For lines of credit of $100,000 or more:

  • Revenue of at least $1.5 million a year of $125,000 a month
  • Personal credit score of at least 680
  • At least three years in business

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Fundation Requirements

For loans or lines of credit of less than $200,000:

  • Annual revenue of at least $100,00
  • Personal credit score of at least 660
  • At least a year in business

For loans or lines of credit of $200,000 or more:

  • Annual revenue of at least $750,000
  • Personal credit score of at least 720
  • At least five years in business

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Balboa Capital Requirements

  • Annual revenue of at least $100,000
  • Personal credit score of at least 600
  • At least a year in business

#3. Ready Your Paperwork to Apply for Your SBA Disaster Loan Alternative

If you’ve taken care to make sure that you meet the requirements that a lender names, then your next step in securing recovery funds will be gathering all the necessary documents for applying to this lender.

Luckily, the list of SBA forms necessary for applying is often a far longer list than that of any other funding source. Odds are, because you’ve already applied for an SBA Disaster Loan, you’ll have many—if not all—of the documents you’ll need to apply for funding from another lender.

Here are document checklists for the four lenders we’ve highlighted.

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Fundbox Documents

An account—with accounting information—with an accounting software like:

  • QuickBooks Online
  • QuickBooks Desktop
  • Freshbooks
  • Harvest
  • Wave
  • Xero
  • SageOne
  • InvoiceASAP
  • Clio

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Kabbage Documents

  • At least three months of accounting software records

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Fundation Documents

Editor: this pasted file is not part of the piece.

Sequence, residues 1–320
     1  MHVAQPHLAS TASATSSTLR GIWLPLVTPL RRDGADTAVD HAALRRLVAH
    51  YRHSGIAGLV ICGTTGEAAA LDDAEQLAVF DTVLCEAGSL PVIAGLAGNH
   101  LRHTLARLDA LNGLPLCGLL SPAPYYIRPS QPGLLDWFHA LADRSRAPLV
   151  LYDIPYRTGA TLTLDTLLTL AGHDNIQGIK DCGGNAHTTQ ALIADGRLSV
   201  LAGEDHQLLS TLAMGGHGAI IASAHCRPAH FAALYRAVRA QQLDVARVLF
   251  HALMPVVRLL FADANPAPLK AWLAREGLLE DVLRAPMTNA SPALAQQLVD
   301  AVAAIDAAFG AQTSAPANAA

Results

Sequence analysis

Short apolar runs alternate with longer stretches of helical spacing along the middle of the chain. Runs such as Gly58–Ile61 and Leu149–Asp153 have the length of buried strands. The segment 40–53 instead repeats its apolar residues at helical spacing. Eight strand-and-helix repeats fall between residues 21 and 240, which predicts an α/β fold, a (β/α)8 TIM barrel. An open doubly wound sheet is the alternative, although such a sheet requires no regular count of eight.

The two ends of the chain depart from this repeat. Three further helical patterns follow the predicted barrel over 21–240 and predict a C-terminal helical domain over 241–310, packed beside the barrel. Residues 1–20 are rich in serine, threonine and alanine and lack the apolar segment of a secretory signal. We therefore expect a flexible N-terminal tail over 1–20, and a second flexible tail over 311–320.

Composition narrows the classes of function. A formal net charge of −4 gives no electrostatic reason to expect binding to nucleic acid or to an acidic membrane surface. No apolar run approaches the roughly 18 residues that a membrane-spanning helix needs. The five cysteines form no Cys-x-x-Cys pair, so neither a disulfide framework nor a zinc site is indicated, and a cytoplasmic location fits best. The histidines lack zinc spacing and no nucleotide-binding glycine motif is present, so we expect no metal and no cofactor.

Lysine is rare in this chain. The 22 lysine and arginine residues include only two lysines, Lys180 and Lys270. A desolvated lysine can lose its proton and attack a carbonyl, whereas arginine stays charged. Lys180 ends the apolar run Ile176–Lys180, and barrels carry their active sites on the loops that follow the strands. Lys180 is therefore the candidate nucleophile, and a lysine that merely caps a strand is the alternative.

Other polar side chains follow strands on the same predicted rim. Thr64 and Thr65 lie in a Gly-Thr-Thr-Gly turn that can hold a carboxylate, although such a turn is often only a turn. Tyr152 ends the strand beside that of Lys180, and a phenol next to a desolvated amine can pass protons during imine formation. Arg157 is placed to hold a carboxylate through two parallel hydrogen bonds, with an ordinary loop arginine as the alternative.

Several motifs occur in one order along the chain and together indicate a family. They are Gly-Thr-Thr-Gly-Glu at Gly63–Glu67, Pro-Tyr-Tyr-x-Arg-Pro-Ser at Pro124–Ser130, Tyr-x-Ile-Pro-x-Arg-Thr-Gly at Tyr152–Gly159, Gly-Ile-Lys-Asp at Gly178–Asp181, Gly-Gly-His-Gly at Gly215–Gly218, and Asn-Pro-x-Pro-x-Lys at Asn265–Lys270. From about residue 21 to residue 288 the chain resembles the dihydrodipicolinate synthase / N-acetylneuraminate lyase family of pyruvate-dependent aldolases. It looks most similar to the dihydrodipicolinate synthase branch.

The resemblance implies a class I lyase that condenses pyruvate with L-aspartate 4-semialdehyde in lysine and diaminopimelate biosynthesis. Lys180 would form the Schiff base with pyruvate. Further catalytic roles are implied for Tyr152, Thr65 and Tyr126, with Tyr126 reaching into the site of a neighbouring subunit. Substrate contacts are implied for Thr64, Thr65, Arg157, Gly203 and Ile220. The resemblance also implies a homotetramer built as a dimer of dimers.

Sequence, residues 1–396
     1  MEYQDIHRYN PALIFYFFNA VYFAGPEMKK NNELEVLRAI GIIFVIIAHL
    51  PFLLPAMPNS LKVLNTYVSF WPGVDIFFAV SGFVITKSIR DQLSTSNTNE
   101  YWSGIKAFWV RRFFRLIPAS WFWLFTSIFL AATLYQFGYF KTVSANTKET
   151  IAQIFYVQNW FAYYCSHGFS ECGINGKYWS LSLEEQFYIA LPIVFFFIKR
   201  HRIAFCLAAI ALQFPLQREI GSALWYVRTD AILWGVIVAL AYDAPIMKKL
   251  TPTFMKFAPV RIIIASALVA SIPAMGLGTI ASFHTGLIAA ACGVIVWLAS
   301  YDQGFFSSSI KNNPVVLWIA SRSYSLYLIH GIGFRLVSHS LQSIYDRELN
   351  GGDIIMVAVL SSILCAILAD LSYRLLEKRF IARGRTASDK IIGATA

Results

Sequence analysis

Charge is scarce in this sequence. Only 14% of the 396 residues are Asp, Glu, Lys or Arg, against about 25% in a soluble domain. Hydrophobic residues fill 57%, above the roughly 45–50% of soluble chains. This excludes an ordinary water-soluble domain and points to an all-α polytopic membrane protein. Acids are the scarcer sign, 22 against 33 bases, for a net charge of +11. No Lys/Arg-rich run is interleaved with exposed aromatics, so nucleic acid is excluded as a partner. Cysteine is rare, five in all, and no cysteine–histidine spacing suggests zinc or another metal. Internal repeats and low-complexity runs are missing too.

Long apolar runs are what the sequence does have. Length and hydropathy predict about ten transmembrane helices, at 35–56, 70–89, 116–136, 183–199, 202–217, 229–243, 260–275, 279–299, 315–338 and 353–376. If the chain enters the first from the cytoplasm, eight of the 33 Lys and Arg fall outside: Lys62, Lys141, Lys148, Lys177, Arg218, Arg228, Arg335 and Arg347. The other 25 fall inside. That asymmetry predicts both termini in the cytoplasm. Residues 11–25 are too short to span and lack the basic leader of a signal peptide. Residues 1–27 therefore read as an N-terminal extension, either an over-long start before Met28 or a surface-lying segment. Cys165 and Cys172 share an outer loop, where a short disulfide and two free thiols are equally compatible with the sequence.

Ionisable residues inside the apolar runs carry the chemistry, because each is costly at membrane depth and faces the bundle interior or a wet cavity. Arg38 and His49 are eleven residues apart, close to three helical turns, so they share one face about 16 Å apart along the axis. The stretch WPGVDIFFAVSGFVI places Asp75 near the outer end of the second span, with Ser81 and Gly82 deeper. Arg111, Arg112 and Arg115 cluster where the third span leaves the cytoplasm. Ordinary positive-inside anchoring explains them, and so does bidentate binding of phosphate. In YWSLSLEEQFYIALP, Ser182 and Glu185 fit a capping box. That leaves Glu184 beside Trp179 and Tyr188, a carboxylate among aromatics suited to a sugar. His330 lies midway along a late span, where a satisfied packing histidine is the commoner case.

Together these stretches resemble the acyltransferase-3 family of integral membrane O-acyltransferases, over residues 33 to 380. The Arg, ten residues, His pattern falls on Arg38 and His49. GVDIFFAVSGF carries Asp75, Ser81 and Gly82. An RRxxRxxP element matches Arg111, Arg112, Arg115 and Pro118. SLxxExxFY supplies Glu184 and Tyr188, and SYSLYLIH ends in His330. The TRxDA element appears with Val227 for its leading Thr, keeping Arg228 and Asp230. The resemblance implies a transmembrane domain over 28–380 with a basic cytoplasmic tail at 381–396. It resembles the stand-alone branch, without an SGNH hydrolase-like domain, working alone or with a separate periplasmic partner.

For loans or lines of credit of $100,000 or less:

  • Three months of business bank statements

For loans of lines of credit greater than $100,000:

  • Six months of business bank statements
  • Two most recent business tax returns
  • Profit and loss statement
  • Up-to-date balance sheet
  • Up-to-date debt schedule

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Balboa Capital Documents

  • Certificate of Good Standing
  • Voided business check
  • Copy of your driver’s license

For equipment financing of more than $250,000, you’ll also need:

  • 2-year balance sheet
  • 2-year profit & loss statement
  • 2 years of business tax returns

#4. Apply for Your Funding

The next step to moving forward from having your application for an SBA Disaster Loan denied will be easy—simply apply for your chosen alternative source of funding! Because you’ve done all the prep-work that steps one through three have entailed, this step will be pretty simple, but—of course—no less crucial.

#5. Rebuild and Recover

Your last step to bouncing back from a declared disaster and a denied application for an SBA Disaster Loan? Receive your funds from your alternative source of funding and put them to use rebuilding and recovering. Though your alternative source of funding will likely be more expensive than an SBA Disaster Loan, be sure to keep on schedule up with your payments as you use your funds to rebuild—you’ll recover and be back in business in no time.

Editor's Note: Fundera exists to help you make better business decisions. That’s why we make sure our editorial integrity isn’t influenced by our own business. The opinions, analyses, reviews, or recommendations in this article are those of our editorial team alone. They haven’t been reviewed, approved, or otherwise endorsed by any of the companies mentioned above. Learn more about our editorial process and how we make money here.